By MICHAEL PERKINS
FOR PEOPLE WHO OPERATE ON INSTINCT SO MUCH OF THE TIME, photographers certainly can make things unnecessarily complicated. We buy gear we don’t need, thinking that machinery alone will unstick our stuck imaginations. We overthink set-ups. We overthink post-processing. We put a lot of junk in our own path, thinking that more of everything will make better pictures. Maybe it’s a native human need to exercise control. But sometimes, as now, we are all reminded that control can be elusive, or worse yet, a mirage.
Making photographs isn’t about having all the conditions we’d prefer. It’s more about managing the conditions we’ve got. That’s always been the case, although our present Great Hibernation has made it a lot more obvious. Take the idea of a “studio”. The term can conjure visions of vast banks of backdrops, lights, high-end gear…a professional space, if you will. But at bottom, it’s really just a place to work, and, ideally, to exercise choice over technique and intentions. There are really no official tools, no approved physical location for a studio. Like many others, I’ve been recently reminded that we only need a few things to create one: a knowledge, inside our homes, of where light goes and what it does during the day: the ability to tell time: and a fair bit of awareness of what our camera can and cannot do. If you have these things, you’ve got a studio.
Think through the process: if you have windows, and if you know which way the sun tracks across the sky hour by hour, you already have multiple sites to get different kinds of light depending on your need. One window for harsh midday high-contrast illumination, a dirty one for diffused, etc. As to tools, absent formal studio gear, everything in your house is a potential prop. And then there’s the advantage afforded by all the extra time we find ourselves awash in: that is, the leisure to plan a shot, whether over hours or days. In essence, you’ve got time to tweak like you’ve never tweaked before.
Working within a finite interior space over an extended period, you can really learn its every feature and behavior. For example, I discovered, earlier this week, that a small stained glass window in my guest bathroom casts an intense kaleidoscopic pattern on a reflective counter-top for only fifteen minutes every afternoon. Stumbling on this, I threw a random object into the warm orange glow just to see what kind of permanent image I might eventually want to make with it. I didn’t get back to the room for another three days, by which time I had a rough concept for what I wanted to model the light on. Using the original shot’s shooting data, replicating the exact time of day and exposure settings (and then varying from them) posed no problem, and so I had, in very rudimentary terms, the control normally associated with a “studio”, whatever that word means.
All workspaces are equal once they are maximized and personalized. You don’t need a special locale to make pictures…..or, more to the point, you can make any locale special once you’ve bent it to your will. Right now, we’re trying to bar entry to all invaders from outside, but light will always get a pass. Harness that, and the rest will fall into line.
By MICHAEL PERKINS
HOLLYWOOD IS ONE OF THE SELECT LOCALITIES in the world’s largest democracy where royalty is not only tolerated but slavishly sought after. The crown (or crowns, plural) transfer from the recently fallen to the newly anointed with predictable regularity, but the ritual is always the same: we love the common people (they’re just like us!) until they are lucky enough to escape our ranks, after which we, in turn, adore them, despise them (who do they think they are?), forgive them, and adore them anew.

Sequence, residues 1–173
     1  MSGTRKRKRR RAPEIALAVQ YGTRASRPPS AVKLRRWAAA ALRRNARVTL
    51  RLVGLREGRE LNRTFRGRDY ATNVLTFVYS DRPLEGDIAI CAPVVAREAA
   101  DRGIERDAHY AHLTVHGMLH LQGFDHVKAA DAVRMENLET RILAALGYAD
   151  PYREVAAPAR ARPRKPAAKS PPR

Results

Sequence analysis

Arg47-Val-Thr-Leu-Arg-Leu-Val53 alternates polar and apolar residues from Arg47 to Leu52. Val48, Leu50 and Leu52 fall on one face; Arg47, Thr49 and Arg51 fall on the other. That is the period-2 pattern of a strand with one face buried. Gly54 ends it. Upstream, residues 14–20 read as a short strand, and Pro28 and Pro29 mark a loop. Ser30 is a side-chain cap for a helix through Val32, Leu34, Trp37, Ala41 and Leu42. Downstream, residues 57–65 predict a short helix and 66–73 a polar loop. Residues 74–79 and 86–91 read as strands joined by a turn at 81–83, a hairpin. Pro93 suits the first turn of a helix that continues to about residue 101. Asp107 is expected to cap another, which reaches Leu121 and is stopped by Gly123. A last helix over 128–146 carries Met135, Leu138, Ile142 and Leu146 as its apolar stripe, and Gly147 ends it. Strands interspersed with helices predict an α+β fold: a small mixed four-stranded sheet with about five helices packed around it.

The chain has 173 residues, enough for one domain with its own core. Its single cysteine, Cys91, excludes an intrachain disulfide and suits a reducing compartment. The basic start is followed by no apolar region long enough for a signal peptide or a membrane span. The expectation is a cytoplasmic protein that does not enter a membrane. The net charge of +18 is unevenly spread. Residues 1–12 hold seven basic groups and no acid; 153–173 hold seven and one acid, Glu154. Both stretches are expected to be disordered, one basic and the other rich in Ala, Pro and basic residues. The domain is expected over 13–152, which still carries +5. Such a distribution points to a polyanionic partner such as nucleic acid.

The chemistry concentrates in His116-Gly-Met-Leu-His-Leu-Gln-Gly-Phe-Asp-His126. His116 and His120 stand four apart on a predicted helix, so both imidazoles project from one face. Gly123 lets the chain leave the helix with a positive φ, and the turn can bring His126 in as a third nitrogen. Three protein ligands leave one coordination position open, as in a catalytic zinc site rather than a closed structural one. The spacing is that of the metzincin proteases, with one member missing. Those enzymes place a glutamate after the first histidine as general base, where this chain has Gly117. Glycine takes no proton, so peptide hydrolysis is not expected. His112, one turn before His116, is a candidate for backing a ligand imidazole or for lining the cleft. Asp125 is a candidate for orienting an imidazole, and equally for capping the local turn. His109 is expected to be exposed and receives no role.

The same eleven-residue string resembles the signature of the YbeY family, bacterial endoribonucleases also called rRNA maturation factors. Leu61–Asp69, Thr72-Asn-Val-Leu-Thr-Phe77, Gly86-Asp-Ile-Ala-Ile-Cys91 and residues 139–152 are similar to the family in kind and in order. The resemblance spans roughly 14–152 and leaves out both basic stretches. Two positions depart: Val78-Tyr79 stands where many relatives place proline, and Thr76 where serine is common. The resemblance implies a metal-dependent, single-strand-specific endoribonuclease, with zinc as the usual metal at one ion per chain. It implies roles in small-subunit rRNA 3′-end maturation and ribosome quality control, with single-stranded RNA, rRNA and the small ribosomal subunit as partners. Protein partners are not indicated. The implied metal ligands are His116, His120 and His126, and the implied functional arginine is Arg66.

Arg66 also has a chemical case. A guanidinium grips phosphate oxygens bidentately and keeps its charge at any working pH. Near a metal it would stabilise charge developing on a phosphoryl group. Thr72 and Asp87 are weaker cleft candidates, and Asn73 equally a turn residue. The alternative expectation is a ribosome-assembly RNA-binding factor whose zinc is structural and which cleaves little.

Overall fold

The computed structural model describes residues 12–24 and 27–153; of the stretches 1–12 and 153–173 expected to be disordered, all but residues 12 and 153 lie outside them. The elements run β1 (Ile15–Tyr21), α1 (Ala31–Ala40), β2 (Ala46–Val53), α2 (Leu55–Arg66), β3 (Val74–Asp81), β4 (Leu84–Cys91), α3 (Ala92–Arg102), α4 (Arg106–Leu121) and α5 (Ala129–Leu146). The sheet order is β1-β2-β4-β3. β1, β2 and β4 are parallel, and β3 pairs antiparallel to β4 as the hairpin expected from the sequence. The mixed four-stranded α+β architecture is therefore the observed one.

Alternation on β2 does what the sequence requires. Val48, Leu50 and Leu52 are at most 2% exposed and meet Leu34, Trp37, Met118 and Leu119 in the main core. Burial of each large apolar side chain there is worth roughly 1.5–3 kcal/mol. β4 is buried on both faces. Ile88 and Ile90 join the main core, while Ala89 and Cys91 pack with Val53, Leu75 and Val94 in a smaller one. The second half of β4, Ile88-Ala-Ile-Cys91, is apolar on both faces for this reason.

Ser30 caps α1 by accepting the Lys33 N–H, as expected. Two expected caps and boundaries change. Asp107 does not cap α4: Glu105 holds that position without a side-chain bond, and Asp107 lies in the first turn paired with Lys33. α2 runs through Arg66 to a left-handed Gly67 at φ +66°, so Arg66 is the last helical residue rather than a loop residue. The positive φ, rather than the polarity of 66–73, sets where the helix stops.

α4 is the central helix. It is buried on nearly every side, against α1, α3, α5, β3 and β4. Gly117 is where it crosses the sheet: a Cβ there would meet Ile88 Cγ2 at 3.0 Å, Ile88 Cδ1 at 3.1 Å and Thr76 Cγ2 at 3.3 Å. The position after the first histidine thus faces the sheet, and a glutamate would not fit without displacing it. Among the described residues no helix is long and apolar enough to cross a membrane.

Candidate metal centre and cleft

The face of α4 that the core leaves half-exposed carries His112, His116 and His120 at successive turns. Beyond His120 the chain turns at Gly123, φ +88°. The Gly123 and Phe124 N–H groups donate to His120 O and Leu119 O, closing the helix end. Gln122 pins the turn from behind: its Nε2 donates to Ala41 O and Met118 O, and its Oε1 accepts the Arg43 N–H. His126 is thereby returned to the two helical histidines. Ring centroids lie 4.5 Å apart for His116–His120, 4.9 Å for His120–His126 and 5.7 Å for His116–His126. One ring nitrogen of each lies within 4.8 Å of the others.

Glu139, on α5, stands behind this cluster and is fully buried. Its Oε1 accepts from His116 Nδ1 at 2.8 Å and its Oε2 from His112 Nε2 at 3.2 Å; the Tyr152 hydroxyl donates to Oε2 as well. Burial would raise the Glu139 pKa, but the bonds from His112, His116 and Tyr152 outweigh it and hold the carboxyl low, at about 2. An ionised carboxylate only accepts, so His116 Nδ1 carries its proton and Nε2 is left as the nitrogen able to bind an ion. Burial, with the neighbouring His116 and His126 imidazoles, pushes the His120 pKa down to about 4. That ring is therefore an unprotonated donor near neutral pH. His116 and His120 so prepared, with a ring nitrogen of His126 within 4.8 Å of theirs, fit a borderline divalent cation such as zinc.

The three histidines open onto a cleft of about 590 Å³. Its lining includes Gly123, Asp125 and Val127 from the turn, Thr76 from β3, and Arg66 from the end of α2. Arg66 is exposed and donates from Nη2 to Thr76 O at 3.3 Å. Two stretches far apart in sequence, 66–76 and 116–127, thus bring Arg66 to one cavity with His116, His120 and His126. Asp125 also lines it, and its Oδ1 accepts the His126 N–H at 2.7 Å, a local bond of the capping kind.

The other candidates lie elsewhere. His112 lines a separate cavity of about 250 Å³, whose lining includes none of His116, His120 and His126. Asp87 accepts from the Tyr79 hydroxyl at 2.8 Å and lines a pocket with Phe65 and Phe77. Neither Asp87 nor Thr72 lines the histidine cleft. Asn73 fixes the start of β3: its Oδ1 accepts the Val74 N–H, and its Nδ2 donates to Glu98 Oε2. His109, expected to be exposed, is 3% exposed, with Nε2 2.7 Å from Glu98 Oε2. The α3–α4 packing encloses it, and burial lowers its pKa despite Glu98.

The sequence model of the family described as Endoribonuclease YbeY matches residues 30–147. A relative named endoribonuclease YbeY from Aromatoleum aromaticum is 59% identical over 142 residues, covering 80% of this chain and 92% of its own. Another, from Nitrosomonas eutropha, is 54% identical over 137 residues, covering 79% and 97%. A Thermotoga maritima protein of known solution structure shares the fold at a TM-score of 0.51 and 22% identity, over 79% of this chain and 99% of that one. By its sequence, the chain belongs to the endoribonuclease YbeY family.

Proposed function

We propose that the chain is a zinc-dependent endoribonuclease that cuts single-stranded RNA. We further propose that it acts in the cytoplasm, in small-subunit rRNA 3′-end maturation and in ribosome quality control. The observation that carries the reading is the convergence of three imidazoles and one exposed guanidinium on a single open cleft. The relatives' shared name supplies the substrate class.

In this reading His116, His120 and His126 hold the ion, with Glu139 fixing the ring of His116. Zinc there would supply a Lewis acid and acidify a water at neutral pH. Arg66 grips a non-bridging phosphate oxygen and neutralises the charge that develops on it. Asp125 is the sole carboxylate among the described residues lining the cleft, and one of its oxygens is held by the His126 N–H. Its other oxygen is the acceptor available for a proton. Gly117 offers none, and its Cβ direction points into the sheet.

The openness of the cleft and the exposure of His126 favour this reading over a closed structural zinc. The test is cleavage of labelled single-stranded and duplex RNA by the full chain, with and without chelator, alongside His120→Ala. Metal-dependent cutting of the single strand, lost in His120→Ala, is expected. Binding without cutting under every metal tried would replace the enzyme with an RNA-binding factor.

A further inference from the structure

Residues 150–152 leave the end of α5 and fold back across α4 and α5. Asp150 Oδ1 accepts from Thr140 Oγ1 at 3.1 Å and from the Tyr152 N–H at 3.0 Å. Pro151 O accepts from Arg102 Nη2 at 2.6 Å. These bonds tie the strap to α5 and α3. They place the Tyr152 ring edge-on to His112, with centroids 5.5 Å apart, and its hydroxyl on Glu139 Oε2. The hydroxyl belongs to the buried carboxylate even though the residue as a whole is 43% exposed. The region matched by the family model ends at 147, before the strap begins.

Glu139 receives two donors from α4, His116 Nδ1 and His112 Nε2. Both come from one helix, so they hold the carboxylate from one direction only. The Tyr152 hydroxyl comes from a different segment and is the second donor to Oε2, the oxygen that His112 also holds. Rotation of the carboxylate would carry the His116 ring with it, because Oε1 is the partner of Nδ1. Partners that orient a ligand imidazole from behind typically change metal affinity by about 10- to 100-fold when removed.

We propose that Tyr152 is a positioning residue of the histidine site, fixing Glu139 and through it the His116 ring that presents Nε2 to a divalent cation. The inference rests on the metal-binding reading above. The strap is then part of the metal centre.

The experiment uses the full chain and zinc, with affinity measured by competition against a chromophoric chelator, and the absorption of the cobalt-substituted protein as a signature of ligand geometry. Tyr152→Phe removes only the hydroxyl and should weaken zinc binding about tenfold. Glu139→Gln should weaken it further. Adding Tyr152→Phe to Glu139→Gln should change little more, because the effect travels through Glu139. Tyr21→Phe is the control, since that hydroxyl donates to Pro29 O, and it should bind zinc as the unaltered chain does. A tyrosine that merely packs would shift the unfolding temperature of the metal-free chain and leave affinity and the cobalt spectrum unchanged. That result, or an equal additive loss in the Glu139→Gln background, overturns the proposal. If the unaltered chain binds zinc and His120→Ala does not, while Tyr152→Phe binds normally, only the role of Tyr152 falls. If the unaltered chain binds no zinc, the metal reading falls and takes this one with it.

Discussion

In terms of photography, the camera seeks out ever new lovers, nearly all of them human, and therefore fleeting. A careful study of Tinseltown, however reveals that the true royalty, the royalty that endures, is the real estate. And even in a town where “reality” is defined by whether you shoot on location or on the back lot, Hollywood harbors plenty of actual places where actual events actually occurred. Some are on the bus tours (Marilyn Monroe slept here), while others require a bit more digging. One of the industry’s most prestigious addresses is smack dab in a section so spectacularly tacky that, by virtue of merely being merely ostentatious, it seems positively muted.
The Hollywood Roosevelt Hotel (named in memory of Teddy, not Franklin) survives in legend not because it served as a studio or corporate cradle for the film industry, but because it was the first time the town turned out to honor….itself. Then make an annual habit of it. Hey, if you want modesty, live in Des Moine, okay?
The Roosevelt earned its filmic pedigree from the get-go, financed in 1926 by a group that included MGM chief Louis B.Mayer and screen idols Mary Pickford and Douglas Fairbanks (two-fourths of the founding quartet behind United Artists Pictures, along with Charlie Chaplin and director D.W. Griffith). Two years later, the hotel hosted a modest little dinner for 270 guests to fete honorees of the newly organized Academy of Motion Picture Arts & Sciences, some three months after the actual awards had been handed out, and minus the nickname “Oscars”, which would come about four years later.
Over the decades the Roosevelt and its across-the-street neighbor the Chinese Theatre (which opened within months of the “R”‘s premiere) saw a fairly staid business district transformed into “Hollywood & Highland” (trade mark)…. Sucker Bait Central, a day-glo drag whose countless souvenir stops, IMAX pleasure palaces, low-rent novelties and neon knock-offs raised tackiness to the status of a religious movement. Meanwhile, the hotel’s crazy-quilt architectural style (‘Spanish Colonial Revival’…and, yes, there will be a test later), with its coffered ceilings, mid-century pool cabanas and wrought-iron chandeliers, was just fake-elegant enough to pass for average in a town renowned for its, er, flexible relationship with “class”. Rolling through the years with an occasional ownership transfer and the odd walk-on in movies like Beverly Hills Cop II and Catch Me If You Can, the Roosevelt has recently offered lodging as a contest prize on ABC’s Jimmy Kimmel Live!, and landed landmark status as Los Angeles Historic-Cultural Monument #545.